The global endeavor to reduce carbon emissions generally revolves around reducing fossil fuel consumption and increasing low- or zero-carbon energy (i.e., renewables and nuclear). U.S. reductions in carbon since 2006 can be largely attributed to a decrease in oil consumption and a shift from coal-based power generation to natural gas (Figure 12). Also from 2006-2015, nuclear and hydro remained flat in the U.S. whereas solar and wind grew somewhat (Figure 13). In China, carbon emissions appear to have plateaued from 2013-2015, which was accompanied by a decrease in coal consumption and increases in hydro, nuclear, solar and wind (Figures 14-15). In India, the story is quite different as carbon emissions continue to increase in spite of continued increases in solar and wind (Figures 16-17). Hydro has increased, albeit sporadically, and nuclear has had a couple of growth periods but is now generally flat. The point here is that renewables appear to be having limited impact on carbon emissions as India is choosing to go with coal; therefore, carbon emissions are tracking coal consumption.
It’s important to note here that increased natural gas consumption in the U.S. has a fundamentally different impact on CO2 emissions (net decrease due to an offset in coal) compared with increased natural gas consumption in China and India (net increase in CO2 if it doesn’t offset coal). U.S. reduction in carbon is only a drop in the bucket compared with China’s impact over the past 30 years and the potential impact of a developing India. China has recently begun increasing its natural gas consumption whereas India’s natural gas consumption is flat, but is very likely to engage soon. While natural gas is the better option when compared with coal, it remains an addition to overall carbon emissions rather than a subtraction as is the case in the U.S.

Economic Development and Initial Conditions (Figures 18-19)
Imagine a population of about 33 million people, seemingly unlimited natural resources and limited environmental regulations within an economic and government environment that allows economic efficiencies to, at times, develop into monopolies. That would represent the U.S. in the mid to late 1800s. Now, imagine a population of 1.3 billion people, 300 million of whom live in poverty, constrained natural resources, and environmental regulations that extend not only to a country’s borders but also the entire planet, all within an economic and government structure struggling to become a viable partner in an ever-expanding global economy. This would be India—today. While the U.S. experience is quite unique, other countries have established and developed their respective economies similarly. France, Australia, Japan and, more currently, China did so with broad economic latitude to develop their economies as efficiently as possible and with limited environmental constraints. The U.S., France, Australia and Japan, among other countries, followed a classic economic development pattern where the respective industrial sectors are initially a substantial part of the value added to GDP but steadily decrease as the industrial base and infrastructure are established and the service sector becomes dominant. China has experienced similar development, albeit at a more rapid pace, and, having established its industrial base, appears to be transitioning to a service economy. India is quite distinct and is working to establish its industrial base and its infrastructure. However, this will be a challenge for India for several reasons.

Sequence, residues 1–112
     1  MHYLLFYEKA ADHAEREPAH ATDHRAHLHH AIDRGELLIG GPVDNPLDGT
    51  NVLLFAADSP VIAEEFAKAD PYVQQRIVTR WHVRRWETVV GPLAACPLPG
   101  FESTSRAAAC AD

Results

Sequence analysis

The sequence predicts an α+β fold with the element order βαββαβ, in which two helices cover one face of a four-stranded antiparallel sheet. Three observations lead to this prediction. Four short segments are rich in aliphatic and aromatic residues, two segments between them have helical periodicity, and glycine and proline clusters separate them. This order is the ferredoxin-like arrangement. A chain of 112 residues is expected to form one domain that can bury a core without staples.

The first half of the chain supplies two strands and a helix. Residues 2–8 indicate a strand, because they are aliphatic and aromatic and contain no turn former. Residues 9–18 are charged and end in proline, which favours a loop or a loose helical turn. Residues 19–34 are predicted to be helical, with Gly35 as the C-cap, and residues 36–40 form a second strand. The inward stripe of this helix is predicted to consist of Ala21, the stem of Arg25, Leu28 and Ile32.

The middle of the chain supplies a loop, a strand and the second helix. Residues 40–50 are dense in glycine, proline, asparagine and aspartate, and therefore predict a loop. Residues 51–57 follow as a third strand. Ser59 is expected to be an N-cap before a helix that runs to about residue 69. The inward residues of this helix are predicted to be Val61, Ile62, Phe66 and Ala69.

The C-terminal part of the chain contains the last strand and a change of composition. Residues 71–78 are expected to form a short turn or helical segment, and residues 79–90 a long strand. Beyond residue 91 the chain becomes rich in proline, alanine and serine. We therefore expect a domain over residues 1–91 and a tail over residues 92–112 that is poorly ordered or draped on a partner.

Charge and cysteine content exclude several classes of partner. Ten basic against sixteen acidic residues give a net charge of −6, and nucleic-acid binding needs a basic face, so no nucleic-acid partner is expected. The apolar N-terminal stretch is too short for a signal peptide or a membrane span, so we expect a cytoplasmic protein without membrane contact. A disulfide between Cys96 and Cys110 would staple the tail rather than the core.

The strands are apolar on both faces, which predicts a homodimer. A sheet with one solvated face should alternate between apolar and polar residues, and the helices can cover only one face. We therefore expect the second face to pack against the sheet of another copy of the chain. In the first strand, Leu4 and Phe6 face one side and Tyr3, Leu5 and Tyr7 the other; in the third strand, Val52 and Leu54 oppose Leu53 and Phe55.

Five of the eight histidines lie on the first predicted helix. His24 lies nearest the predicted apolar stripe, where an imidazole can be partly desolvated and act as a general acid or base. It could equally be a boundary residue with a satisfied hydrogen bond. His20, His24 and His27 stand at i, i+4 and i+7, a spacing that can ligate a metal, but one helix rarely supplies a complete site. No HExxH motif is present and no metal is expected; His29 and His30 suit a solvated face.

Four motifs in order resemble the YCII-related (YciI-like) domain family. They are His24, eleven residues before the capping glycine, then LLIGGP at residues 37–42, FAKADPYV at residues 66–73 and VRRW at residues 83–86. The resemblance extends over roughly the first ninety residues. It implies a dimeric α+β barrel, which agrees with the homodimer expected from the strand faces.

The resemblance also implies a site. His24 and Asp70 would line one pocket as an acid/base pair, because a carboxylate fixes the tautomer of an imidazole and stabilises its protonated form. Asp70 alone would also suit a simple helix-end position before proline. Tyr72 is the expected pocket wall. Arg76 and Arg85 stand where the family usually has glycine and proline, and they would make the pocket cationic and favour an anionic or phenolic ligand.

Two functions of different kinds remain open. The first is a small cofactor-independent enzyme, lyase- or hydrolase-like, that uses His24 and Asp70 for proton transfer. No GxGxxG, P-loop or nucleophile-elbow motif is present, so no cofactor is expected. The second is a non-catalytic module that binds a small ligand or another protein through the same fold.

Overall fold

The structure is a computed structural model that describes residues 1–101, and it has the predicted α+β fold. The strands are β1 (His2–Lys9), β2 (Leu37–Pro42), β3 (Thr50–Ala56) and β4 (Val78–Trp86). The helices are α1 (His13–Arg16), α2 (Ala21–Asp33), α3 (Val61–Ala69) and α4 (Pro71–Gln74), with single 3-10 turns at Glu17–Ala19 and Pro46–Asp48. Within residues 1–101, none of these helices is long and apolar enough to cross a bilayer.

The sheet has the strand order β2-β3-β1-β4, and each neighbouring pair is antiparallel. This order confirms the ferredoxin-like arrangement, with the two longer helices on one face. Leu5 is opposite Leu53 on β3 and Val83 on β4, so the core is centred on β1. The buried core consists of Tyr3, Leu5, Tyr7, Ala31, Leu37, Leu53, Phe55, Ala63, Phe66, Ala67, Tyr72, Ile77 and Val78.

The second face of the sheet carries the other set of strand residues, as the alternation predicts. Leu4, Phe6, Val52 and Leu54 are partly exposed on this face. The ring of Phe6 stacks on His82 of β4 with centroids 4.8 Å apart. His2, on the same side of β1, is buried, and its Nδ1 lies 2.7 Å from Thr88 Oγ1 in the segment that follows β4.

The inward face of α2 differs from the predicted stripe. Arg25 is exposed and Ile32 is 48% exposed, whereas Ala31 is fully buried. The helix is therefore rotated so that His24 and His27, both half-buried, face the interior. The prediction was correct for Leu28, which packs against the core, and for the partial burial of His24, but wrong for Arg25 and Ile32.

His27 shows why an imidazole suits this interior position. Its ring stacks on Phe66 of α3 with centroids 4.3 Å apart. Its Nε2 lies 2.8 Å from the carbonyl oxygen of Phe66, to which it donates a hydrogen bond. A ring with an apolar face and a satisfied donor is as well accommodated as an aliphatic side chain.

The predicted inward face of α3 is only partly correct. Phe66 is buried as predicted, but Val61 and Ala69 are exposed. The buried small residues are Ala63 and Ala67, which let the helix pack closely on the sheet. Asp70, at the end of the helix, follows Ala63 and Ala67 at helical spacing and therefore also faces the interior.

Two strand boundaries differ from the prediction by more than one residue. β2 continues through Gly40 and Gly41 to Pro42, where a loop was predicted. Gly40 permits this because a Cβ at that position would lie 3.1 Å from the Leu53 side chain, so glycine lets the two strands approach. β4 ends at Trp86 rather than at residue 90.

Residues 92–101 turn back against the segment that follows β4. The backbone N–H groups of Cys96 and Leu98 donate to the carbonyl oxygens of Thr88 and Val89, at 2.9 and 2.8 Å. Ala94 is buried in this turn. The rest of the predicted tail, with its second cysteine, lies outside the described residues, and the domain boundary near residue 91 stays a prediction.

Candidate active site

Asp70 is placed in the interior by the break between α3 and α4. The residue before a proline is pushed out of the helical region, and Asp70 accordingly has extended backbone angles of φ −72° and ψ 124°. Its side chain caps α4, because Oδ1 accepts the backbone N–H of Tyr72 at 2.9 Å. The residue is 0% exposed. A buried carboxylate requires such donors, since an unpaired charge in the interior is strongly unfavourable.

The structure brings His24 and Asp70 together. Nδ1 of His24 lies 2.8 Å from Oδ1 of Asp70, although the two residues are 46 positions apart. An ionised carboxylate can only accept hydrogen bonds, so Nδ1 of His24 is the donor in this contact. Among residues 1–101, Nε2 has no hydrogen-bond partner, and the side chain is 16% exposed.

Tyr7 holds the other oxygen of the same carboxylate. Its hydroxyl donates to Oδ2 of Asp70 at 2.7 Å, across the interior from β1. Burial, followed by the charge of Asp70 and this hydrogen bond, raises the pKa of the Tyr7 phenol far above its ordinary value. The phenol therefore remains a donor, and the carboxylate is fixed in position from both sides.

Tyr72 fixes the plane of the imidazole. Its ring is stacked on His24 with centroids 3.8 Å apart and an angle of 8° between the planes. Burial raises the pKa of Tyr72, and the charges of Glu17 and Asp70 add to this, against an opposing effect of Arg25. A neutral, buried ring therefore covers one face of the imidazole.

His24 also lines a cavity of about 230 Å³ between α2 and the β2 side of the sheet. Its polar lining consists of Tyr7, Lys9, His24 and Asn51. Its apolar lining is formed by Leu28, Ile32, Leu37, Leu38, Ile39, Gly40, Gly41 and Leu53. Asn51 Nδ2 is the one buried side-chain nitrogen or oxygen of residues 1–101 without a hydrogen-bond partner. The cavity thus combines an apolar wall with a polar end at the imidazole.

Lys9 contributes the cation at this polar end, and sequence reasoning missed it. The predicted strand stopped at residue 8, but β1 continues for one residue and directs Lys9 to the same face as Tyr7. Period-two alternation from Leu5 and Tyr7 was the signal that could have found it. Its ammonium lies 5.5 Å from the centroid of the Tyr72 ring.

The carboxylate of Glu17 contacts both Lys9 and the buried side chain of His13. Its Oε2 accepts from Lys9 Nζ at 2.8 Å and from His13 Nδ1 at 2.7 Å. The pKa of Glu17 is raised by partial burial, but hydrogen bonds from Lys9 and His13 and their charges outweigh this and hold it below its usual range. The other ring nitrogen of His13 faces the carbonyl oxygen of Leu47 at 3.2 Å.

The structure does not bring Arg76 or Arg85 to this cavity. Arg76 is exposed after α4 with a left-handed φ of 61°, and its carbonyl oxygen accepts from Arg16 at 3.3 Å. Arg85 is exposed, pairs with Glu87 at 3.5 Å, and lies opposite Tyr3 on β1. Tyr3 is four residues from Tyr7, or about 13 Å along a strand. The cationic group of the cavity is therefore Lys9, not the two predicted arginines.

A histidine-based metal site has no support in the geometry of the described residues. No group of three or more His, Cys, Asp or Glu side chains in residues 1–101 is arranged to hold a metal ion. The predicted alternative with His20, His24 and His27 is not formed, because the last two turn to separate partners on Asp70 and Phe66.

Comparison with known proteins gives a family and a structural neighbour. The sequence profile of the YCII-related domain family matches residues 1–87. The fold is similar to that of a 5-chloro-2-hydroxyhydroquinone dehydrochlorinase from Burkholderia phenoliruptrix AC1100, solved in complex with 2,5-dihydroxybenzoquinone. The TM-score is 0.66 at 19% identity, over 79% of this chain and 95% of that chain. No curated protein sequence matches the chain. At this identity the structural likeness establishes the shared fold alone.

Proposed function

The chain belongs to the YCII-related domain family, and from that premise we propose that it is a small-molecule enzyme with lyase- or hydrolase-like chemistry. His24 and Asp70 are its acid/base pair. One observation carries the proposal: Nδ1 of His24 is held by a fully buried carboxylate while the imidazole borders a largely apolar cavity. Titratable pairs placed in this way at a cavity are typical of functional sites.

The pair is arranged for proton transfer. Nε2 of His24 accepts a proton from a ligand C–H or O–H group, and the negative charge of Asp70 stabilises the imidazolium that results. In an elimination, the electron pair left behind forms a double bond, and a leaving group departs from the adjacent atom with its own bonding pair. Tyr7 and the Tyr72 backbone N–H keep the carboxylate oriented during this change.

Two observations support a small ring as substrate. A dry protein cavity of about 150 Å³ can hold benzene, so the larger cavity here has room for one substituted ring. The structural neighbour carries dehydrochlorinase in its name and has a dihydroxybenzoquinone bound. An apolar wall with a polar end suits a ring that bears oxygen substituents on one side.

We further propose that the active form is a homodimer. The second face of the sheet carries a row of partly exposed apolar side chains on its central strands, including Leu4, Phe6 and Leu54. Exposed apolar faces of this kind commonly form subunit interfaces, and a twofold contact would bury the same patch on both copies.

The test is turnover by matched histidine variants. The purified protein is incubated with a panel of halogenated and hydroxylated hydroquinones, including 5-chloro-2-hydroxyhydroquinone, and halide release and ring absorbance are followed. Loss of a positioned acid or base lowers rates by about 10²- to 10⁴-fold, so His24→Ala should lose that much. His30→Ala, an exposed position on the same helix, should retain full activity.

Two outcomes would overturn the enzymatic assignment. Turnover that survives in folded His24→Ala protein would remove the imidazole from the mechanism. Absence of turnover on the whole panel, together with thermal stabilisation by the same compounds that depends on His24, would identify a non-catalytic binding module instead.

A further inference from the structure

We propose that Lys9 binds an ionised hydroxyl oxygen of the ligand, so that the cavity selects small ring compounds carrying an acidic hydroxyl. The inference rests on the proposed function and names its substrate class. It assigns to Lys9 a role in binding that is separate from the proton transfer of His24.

In its analysis brief on India, the Energy Information Administration identified fiscal deficits, infrastructure deficiencies, delays in structural reforms and global energy price volatility as some of the current risks to economic growth in India. The analysis also pointed out that highly regulated fuel prices, a complex regulatory environment, inconsistent energy sector reform, and fuel subsidies shouldered by the government and state-owned upstream companies present particular challenges to meeting the country’s growing energy demand. These embedded political, social and infrastructure constraints combine with the pervasive problem of hundreds of million living in economic and energy poverty to present an unprecedented challenge to modern society. With all this said, well-developed economies have a foundational energy system that can accommodate a certain level of experimentation and tinkering, particularly with respect to power generation and the integration of renewables, but countries such as India have a completely different set of initial conditions, economically and demographically, and they can’t afford to experiment with their power generation system

Policy Proposal: A Medical Analogy
In the medical field, physicians generally follow up an examination with a prognosis and a diagnosis followed by therapy to alleviate symptoms and address the illness. In the case of global energy and emissions, the prognosis is: “We have a global CO2 issue.” Not just a U.S. CO2 emissions issue—a global emissions issue. The diagnosis is: “Earth’s climate may change with potentially severe consequences—some being more severe for those populations most vulnerable.” It’s at the point of prescribing therapy where beliefs and opinions sharply diverge with renewables on one side and traditional fuels on the other.
In general, we should commit the lion’s share of attention and resources on areas where the problem is growing (i.e., China) and, more prevalently, where the problem is about to grow (i.e., India and other developing countries). Less focus should be on regions where emissions have stabilized and are decreasing (i.e., the U.S.). This is not to preclude the U.S. from reducing its emissions; rather, it is to leverage and orient technological efforts in the U.S. to the development of new generation technologies that can be incorporated into developing countries and optimize economic development with low-carbon technologies and efficient energy system strategies. This should include renewables with storage, advanced nuclear, small modular reactors, natural gas combined cycle, and carbon capture & storage. If indeed India continues its upward trend in coal and natural gas consumption, and if our chief concern is CO2 emissions and global climate, then we’re only fooling ourselves if we believe that we can stem the tide of increased carbon emissions without nuclear and carbon capture and storage technologies. The U.S. and other countries have developed their economies on energy-dense resources and it is our ethical and environmental responsibility to the billions of people living in energy poverty to focus on developing technologies that will allow them to develop likewise. Moreover, straining additional drops of CO2 from the U.S. economy through the incorporation of renewables will likely have limited impact in the shadows of increased emissions from developing nations.